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Afghan relatives of victims looks on as they stand in front of a hospital following a bomb attack in Taloqan in northeastern Takhar province on October 13, 2018. Two radio journalists were shot and killed in Taloqan on February 5, 2019. (AFP/Naseer Sadeq)

Two radio journalists shot and killed in northern Afghanistan

February 6, 2019 5:18 PM ET

New York, February 6, 2019--The Committee to Protect Journalists calls on Afghan authorities to promptly investigate and bring to justice those responsible for yesterday's killing of two journalists in Taloqan, the capital city of northern Takhar province.

Shafiqullah Arya and Rahimullah Rahmani were shot and killed by two unidentified men who entered the office of Radio Hamsada, a local radio station based in Taloqan, according to news reports. The two were killed during a live program around 6 p.m., the provincial spokesman and the provincial police chief said, according to news reports. Semim Hussaini, the director of the station, and police both told Reuters the motive behind the attack was unclear. CPJ was unable to contact Hussaini because her phone was switched off.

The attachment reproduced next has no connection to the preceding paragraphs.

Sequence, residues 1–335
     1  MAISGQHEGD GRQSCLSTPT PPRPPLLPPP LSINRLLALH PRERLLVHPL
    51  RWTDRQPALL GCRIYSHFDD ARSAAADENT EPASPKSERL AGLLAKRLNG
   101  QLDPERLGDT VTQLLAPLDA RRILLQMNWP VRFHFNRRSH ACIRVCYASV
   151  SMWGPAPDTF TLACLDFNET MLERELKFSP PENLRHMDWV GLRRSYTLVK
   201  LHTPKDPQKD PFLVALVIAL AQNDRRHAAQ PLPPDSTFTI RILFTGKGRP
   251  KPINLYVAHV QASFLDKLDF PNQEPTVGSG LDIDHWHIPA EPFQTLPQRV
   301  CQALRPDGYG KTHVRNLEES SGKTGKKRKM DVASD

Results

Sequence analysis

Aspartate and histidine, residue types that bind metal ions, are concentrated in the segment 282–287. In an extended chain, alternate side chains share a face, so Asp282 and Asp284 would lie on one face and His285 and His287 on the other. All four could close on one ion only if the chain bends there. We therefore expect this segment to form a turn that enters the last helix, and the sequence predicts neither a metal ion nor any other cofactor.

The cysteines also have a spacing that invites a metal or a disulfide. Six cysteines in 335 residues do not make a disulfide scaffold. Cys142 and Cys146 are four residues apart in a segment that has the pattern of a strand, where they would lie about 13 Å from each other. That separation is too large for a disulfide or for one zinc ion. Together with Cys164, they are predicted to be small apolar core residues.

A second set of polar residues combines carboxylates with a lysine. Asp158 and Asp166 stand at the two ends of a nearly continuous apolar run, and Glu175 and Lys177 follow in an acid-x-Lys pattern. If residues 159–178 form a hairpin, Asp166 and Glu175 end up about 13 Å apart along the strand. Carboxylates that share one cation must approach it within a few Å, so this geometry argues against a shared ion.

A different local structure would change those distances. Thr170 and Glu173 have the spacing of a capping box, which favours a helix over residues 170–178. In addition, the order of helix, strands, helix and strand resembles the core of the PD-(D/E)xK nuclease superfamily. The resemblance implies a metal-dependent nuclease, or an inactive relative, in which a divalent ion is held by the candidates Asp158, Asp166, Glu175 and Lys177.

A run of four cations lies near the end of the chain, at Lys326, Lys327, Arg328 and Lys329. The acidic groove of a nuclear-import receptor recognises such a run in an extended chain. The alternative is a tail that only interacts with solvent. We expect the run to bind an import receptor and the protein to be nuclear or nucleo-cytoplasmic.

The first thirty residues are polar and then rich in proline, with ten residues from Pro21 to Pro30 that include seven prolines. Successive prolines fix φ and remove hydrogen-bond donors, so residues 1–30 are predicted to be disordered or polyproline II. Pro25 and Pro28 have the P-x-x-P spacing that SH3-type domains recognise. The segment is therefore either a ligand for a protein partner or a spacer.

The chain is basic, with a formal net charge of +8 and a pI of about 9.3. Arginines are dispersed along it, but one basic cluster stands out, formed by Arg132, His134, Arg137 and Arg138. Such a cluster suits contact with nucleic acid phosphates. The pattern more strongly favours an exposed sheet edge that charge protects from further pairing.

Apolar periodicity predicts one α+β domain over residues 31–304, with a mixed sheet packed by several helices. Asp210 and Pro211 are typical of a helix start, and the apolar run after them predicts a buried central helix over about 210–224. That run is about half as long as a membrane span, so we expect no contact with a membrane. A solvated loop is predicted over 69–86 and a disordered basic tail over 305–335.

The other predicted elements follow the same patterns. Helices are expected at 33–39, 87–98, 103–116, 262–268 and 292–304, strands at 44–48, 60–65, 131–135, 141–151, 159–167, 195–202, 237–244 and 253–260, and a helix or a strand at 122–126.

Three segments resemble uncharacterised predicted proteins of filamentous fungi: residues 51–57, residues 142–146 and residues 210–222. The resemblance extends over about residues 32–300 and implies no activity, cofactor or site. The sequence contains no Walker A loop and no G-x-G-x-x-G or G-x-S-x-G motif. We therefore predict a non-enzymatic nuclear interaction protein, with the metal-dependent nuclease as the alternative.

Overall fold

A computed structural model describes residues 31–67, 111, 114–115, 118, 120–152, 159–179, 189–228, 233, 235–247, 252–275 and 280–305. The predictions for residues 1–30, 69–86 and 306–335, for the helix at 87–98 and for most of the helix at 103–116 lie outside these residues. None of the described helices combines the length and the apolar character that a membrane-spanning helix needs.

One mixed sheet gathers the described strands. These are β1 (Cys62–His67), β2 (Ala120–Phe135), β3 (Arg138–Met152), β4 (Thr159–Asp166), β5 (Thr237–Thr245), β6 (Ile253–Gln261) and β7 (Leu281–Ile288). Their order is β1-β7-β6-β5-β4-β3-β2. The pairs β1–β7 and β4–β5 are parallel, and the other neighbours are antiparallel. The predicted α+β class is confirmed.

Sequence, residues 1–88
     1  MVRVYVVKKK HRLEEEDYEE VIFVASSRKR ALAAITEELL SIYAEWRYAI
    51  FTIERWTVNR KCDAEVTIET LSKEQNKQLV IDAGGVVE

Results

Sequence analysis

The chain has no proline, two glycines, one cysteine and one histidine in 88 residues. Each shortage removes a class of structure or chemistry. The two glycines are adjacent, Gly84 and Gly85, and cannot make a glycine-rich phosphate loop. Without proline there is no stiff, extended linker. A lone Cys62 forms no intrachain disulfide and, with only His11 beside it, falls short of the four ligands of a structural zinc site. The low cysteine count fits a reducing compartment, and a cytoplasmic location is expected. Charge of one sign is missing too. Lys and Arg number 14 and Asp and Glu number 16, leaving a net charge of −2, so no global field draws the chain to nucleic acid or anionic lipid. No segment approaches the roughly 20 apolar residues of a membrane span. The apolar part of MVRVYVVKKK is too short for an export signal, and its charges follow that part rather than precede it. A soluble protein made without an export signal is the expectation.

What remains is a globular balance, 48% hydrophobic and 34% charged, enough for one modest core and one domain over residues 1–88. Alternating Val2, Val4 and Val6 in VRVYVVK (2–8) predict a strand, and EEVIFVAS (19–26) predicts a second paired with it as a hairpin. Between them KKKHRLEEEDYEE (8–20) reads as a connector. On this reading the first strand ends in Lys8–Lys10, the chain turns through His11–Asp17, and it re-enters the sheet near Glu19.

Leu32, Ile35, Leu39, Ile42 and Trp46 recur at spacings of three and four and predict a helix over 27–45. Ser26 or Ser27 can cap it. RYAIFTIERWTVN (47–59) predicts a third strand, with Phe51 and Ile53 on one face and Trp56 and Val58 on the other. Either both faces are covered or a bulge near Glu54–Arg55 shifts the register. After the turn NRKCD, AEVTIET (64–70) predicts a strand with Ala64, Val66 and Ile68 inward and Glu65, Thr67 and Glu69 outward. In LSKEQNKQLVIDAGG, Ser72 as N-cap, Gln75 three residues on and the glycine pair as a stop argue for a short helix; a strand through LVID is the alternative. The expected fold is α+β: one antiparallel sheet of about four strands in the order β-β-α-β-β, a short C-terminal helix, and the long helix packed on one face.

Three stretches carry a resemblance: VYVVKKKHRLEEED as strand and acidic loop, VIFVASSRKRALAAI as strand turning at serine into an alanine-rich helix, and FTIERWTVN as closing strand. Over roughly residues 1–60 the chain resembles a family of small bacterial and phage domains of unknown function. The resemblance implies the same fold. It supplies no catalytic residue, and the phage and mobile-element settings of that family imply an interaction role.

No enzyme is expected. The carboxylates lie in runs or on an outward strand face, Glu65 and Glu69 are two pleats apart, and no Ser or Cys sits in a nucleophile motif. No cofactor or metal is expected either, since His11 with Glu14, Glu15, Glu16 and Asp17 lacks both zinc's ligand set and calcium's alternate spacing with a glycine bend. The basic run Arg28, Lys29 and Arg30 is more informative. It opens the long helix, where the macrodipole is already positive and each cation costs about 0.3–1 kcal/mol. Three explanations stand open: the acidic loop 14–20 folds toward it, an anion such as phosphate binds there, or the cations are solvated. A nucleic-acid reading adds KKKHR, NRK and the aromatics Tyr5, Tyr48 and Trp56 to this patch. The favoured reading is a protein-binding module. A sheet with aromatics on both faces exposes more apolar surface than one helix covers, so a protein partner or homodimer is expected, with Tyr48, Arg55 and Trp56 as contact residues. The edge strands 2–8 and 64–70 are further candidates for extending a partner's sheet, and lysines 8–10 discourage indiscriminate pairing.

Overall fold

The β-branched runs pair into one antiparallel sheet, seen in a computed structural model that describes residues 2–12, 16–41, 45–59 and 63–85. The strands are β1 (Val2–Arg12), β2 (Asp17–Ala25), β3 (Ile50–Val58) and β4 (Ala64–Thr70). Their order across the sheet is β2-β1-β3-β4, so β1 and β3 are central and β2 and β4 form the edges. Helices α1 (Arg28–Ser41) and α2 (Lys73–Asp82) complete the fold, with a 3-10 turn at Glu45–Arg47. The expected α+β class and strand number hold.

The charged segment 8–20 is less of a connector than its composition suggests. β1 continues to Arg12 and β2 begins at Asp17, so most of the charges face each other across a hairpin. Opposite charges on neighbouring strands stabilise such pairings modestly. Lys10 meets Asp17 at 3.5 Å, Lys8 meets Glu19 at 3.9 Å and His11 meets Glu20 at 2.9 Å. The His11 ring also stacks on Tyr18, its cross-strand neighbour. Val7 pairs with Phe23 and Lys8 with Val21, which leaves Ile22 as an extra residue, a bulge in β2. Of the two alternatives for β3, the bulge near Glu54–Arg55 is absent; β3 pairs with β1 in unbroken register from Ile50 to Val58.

The gunmen fled without being identified and police are investigating the attack, Jawad Hejri, the Takhar governor's spokesperson, told Reuters.

"The attack on Radio Hamsada and the killing of Shafiqullah Arya and Rahimullah Rahmani underscores the dangerous environment journalists in Afghanistan operate in every day," said Steven Butler, CPJ's Asia program coordinator, from Washington, D.C. "Authorities in Afghanistan should do everything in their power to investigate the attack, uncover the motive behind it, and bring the killers to justice."

Arya, 28, was a journalist who had worked at the station for six years, and Rahmani, 26, was a presenter who had worked at the station for two years, according to Tolo News.

Afghanistan was the deadliest country for journalists in 2018, according to CPJ research, with 13 journalists killed in connection with their work. The country ranks sixth on CPJ's Impunity Index, which ranks states with the worst records of prosecuting killers of journalists.

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